Welsh and Ancient History (BA)

Ancient History and Welsh BA (Joint Honours) gives students the opportunity to combine study of ancient civilization with the Welsh language, its literature and its culture.

By combining Welsh and Ancient History, you will gain a wealth of transferable skills and knowledge, opening the doors to a variety of career paths. The time spent on each subject is effectively halved, allowing you to study the Welsh language, its literature and culture, while exploring and understanding key moments in ancient history.

The Welsh course is relevant to contemporary Wales and delivered by a school noted for its research quality and impact. The course aims to produce graduates with a thorough academic and practical understanding of the Welsh language, its literature and culture, a high level of skill in written and spoken Welsh and well-developed employability and creative skills relevant to modern Wales.

The Ancient History course covers the Greco-Roman world from the Aegean Bronze Age to the fall of the Roman Empire in the west and its survival in the east as the Byzantine Empire. The political, social, economic and cultural structures of Greek and Roman societies were significantly different from modern industrialised societies, but have exercised a profound and continuous influence on the development of European and many other cultures.

Distinctive features

The distinctive features of the course include:

  • the opportunity to follow a degree course that develops skills relevant to both the academic world and the workplace
  • a core module which focuses on employability skills and which offers a period of work experience
  • a range of core and optional modules in Welsh language, literature and culture as well as the opportunity to specialise in areas of personal and career interest
  • the emphasis on practical research skills, that will benefit you throughout your career
  • the emphasis on independent learning in a supportive environment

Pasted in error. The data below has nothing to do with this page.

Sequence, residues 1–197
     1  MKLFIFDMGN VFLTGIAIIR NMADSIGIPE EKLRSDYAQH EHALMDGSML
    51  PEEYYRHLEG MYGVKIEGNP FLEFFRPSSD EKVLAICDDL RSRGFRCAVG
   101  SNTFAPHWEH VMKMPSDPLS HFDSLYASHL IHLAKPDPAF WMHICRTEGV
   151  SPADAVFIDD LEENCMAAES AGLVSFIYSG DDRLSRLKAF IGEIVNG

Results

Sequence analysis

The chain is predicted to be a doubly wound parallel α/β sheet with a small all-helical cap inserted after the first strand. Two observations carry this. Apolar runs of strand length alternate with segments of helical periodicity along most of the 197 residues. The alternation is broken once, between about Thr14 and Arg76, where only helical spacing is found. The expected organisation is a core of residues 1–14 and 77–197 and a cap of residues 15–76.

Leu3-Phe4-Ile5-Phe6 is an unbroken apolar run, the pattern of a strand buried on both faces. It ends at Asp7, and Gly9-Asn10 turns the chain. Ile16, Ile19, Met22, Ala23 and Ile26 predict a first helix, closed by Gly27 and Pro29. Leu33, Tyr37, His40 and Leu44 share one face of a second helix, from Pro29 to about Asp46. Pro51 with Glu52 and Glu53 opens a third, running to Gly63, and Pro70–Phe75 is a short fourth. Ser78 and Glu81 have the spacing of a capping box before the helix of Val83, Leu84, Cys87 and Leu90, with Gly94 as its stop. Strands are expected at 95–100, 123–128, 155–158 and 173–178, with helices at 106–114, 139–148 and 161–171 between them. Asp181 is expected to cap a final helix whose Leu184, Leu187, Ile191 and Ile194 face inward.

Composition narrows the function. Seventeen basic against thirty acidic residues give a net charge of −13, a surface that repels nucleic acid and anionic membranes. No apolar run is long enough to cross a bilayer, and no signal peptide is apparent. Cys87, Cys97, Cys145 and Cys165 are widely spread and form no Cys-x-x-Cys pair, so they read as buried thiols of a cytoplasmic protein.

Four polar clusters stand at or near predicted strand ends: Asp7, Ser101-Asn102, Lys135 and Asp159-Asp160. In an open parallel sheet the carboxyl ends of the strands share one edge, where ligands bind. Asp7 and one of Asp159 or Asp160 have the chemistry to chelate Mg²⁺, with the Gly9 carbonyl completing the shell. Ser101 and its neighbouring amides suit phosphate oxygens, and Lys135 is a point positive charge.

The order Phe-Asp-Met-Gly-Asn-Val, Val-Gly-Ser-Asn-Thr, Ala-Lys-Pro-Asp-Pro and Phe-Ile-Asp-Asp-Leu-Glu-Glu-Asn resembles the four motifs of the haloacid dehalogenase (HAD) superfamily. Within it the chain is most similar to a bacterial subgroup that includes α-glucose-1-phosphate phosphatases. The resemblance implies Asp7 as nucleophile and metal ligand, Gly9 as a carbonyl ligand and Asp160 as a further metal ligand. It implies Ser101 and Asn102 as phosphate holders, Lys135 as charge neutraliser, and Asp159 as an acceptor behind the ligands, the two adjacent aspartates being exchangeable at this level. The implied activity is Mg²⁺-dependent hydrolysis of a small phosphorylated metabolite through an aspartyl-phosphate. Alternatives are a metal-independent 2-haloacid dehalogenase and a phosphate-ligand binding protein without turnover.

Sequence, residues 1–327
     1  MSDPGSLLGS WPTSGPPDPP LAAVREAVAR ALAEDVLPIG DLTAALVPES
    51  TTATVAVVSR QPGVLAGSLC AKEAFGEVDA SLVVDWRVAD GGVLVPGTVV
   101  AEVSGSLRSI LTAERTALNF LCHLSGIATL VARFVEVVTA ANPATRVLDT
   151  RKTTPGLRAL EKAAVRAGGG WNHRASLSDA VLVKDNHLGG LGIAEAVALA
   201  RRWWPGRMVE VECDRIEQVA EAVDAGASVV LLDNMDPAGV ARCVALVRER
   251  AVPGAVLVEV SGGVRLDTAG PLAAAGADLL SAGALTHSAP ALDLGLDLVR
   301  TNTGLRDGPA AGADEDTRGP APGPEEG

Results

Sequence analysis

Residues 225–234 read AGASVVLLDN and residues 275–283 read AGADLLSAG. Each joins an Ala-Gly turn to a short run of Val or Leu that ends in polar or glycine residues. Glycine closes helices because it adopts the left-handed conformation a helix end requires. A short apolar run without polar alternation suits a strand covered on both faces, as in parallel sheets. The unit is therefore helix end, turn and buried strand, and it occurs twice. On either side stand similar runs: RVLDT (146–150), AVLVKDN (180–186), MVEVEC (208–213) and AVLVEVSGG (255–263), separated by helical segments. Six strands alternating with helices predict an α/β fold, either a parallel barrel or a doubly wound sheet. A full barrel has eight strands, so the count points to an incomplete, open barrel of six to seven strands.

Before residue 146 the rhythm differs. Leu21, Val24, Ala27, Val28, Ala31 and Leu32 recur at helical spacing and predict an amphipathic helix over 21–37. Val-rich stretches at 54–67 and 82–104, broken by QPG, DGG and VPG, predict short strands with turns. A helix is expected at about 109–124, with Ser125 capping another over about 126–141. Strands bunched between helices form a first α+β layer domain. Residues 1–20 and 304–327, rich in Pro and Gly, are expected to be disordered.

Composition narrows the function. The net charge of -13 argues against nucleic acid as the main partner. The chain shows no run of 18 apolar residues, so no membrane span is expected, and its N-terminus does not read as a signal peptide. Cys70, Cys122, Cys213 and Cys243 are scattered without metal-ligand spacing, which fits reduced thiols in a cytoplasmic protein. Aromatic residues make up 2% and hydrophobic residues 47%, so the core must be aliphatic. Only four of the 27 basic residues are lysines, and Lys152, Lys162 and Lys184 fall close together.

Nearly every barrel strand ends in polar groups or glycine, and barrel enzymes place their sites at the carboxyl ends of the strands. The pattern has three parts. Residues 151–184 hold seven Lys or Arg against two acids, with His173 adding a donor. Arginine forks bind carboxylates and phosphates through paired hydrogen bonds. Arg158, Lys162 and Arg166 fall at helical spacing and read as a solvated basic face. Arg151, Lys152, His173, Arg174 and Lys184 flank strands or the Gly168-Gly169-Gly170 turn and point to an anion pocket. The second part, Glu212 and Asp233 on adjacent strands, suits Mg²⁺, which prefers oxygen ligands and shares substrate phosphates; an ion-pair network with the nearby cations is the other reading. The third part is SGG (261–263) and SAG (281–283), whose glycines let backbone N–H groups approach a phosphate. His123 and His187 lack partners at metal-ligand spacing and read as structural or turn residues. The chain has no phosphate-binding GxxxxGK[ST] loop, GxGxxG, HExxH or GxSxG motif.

• the involvement of research-active staff in teaching
  • the experience of being taught by staff who will recognise you as an individual
  • the University has close links with local historical sites, giving you the chance to link your academic studies to active research in the field
  • Ancient History thematic modules examine broad social and cultural topics, such as warfare, gender, religion, art, medicine and science.

Key facts

UCAS CodeQVM1
Next intakeSeptember 2016
Duration3 years
ModeFull time
Studying in WelshUp to 56% of this course is available through the medium of Welsh. Please contact the Admissions tutor for more information
Typical places availableThe School of Welsh typically has 30 places available. The School of History, Archaeology and Religion typically has 320 places available.
Typical applications receivedThe School of Welsh typically receives 100 applications. The School of History, Archaeology and Religion typically receives 1800 applications.
Typical A level offerBBB. Three A-levels, usually including Welsh. General Studies is not accepted. Grade B or above in Welsh is required for applicants studying Welsh as a second language. Two AS subjects may be considered in lieu of a third A-level.
Typical Welsh Baccalaureate offerGrade A in the Core plus grades AA-AB at GCE Advanced Level.